• Lost productivity costs due to harmful substances amounted to $22.4 billion.
  • Alcohol and tobacco contributed about 60% of all lost productivity costs.

The per capita lost productivity costs caused by alcohol increased by 22.8%, from $169 per person in 2007 to $207 per person in 2020.

At the national level, the costs of lost productivity due to alcohol is the highest ($7.9 billion) among all other harmful substances, amounting to 35% of the total lost productivity costs in Canada in 2020.

Risisng costs due to lost productivity caused by alcohol
Per capita lost productivity costs caused by alcohol increased by 22.8%, from $169 per person in 2007 to $207 per person in 2020.

Criminal justice costs include costs linked with policing, courts and correctional services.

  • Alcohol accounted for the greatest costs to the criminal justice system at nearly $4.0 billion or 39.8% of all criminal justice costs.

Other direct costs related to harmful substances include costs across several categories, including research and prevention, fire damage, damage to motor vehicles, social assistance for substance use-attributable disability and workplace costs not already covered in lost productivity (e.g., employee assistance programs, drug testing programs and administrative costs associated with workers’ compensation).

  • Alcohol harm contributed 47.3% of other direct costs, followed by tobacco at 14.2%.

Alcohol and tobacco harm accounted for at least 60% of the total per-person cost of harmful substances in Canada (roughly $25 billion to $30 billion per year) for the past 14 years.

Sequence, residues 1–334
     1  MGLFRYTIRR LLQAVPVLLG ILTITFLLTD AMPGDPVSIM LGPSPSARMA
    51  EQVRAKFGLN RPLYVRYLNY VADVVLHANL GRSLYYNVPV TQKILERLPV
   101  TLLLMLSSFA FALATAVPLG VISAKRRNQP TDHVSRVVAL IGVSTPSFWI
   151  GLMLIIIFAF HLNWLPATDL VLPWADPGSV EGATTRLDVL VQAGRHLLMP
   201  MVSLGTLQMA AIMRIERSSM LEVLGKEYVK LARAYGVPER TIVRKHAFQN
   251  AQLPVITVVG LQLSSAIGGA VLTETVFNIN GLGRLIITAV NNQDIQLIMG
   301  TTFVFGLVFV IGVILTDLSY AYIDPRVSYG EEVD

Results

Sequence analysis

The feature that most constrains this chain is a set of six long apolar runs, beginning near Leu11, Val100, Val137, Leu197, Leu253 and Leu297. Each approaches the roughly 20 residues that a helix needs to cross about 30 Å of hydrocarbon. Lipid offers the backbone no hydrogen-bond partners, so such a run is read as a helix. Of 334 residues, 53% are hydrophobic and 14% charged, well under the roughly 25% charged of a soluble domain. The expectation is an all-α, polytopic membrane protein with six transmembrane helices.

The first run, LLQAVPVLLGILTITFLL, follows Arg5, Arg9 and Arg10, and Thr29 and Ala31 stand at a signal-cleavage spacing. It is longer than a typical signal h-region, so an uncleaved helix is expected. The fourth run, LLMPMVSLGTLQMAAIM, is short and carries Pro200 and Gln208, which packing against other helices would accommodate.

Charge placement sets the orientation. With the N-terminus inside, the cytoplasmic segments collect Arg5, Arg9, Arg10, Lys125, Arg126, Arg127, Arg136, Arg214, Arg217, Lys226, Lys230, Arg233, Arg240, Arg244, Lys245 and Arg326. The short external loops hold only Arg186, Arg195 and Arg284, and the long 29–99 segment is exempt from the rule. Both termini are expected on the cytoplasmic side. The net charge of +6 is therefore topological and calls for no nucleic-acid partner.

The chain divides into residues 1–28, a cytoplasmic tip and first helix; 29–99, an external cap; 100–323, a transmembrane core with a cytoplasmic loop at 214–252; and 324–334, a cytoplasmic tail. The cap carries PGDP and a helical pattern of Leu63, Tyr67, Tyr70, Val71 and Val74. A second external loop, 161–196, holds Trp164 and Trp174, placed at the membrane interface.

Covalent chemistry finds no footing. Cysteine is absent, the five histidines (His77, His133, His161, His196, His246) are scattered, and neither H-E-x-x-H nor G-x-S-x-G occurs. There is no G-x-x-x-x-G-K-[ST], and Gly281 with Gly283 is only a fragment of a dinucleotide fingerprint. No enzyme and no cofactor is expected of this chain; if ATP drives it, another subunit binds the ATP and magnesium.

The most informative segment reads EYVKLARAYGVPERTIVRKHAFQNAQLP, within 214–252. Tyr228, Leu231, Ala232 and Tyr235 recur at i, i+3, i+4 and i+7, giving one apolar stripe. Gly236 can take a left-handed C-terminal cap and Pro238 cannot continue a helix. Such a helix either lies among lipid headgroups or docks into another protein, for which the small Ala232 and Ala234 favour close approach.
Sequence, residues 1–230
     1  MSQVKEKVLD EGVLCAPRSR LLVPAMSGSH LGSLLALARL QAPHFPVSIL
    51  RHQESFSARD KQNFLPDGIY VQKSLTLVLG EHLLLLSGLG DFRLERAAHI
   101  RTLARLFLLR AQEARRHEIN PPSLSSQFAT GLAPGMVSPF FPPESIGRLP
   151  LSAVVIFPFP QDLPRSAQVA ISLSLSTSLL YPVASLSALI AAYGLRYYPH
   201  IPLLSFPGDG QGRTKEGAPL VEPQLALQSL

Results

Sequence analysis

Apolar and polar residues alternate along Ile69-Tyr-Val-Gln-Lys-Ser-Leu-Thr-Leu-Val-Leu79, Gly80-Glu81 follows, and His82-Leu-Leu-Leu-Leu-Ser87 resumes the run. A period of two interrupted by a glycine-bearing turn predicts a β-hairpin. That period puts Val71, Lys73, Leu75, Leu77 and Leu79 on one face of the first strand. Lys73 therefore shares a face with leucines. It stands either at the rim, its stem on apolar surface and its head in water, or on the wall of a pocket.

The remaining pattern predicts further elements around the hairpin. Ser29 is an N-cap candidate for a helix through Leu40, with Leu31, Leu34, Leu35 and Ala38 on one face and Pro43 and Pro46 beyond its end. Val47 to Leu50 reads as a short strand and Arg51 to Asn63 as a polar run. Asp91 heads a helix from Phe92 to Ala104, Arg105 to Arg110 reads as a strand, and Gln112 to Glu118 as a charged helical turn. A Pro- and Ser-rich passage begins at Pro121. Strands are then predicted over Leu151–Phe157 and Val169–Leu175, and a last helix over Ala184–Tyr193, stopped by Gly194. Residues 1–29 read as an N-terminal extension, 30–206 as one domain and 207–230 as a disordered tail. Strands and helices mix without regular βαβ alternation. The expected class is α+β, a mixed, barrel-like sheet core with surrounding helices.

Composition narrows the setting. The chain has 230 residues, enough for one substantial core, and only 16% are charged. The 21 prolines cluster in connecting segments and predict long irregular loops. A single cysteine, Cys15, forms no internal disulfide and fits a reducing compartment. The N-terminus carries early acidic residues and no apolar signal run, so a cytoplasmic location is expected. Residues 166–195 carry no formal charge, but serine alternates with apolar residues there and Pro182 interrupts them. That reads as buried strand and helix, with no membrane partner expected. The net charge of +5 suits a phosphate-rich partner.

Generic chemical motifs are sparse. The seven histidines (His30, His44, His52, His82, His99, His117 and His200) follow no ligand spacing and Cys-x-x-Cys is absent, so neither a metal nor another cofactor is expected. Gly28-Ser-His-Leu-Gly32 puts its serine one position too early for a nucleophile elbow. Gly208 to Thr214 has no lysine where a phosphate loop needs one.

However, costs attributable to alcohol harm rose more than 21% while those linked with tobacco harm declined the most of any substance examined (nearly 20%).

The potential of evidence-based government action

These divergent trends are not surprising. The government introduced a range of public health policies to prevent and reduce tobacco use — including warning labels, increased taxation and advertising restrictions. Similar policies for alcohol do not exist or have remained unchanged for many years. In fact, alcohol consumption and sales increased during the pandemic, and were associated with increased rates of new COVID-19 infections two weeks later.

This puts the government’s decision to cap the alcohol duty escalator into context: the total per-person costs caused by alcohol to Canadian society rose by 21.3% from $427 to $518.

Lessons learned from this whole-of-society response to tobacco could be applied to address the economic and physical availability of alcohol and better inform people in Canada about the health risks of alcohol use.

These findings illustrate the importance of prioritizing policies aimed at preventing and reducing alcohol harm. Policies such as evicdence-based alcohol taxation would lead to the most widespread reduction in the harms and economic burden of alcohol in Canada.

Costs of alcohol use have continued to rise alongside deregulatory policies and availability, a trend that escalated during the COVID-19 pandemic (Stockwell et al, 2022).

Alarming figures and the need for addressing the overlooked epidemic of female employees‘ lost productivity due to alcohol use

The new figures are alarming as they highlight the need for greater focus on alcohol prevention and treatment efforts in the workplace. These figures also place the 2% cap on the planned alcohol tax increase at odds with the need to address the staggering economic costs of lost productivity due to alcohol.

Our estimates show not only how substance use affects the healthcare and criminal justice systems but also the ability of people in Canada to work and contribute to the economy,” said Emily Biggar, CCSA Research and Policy Analyst and a researcher for the report, as per Financial Post.

Initiatives across the spectrum of prevention, harm reduction and treatment are needed to improve the health and productivity of people in Canada.”

Emily Biggar, Research and Policy Analyst, CCSA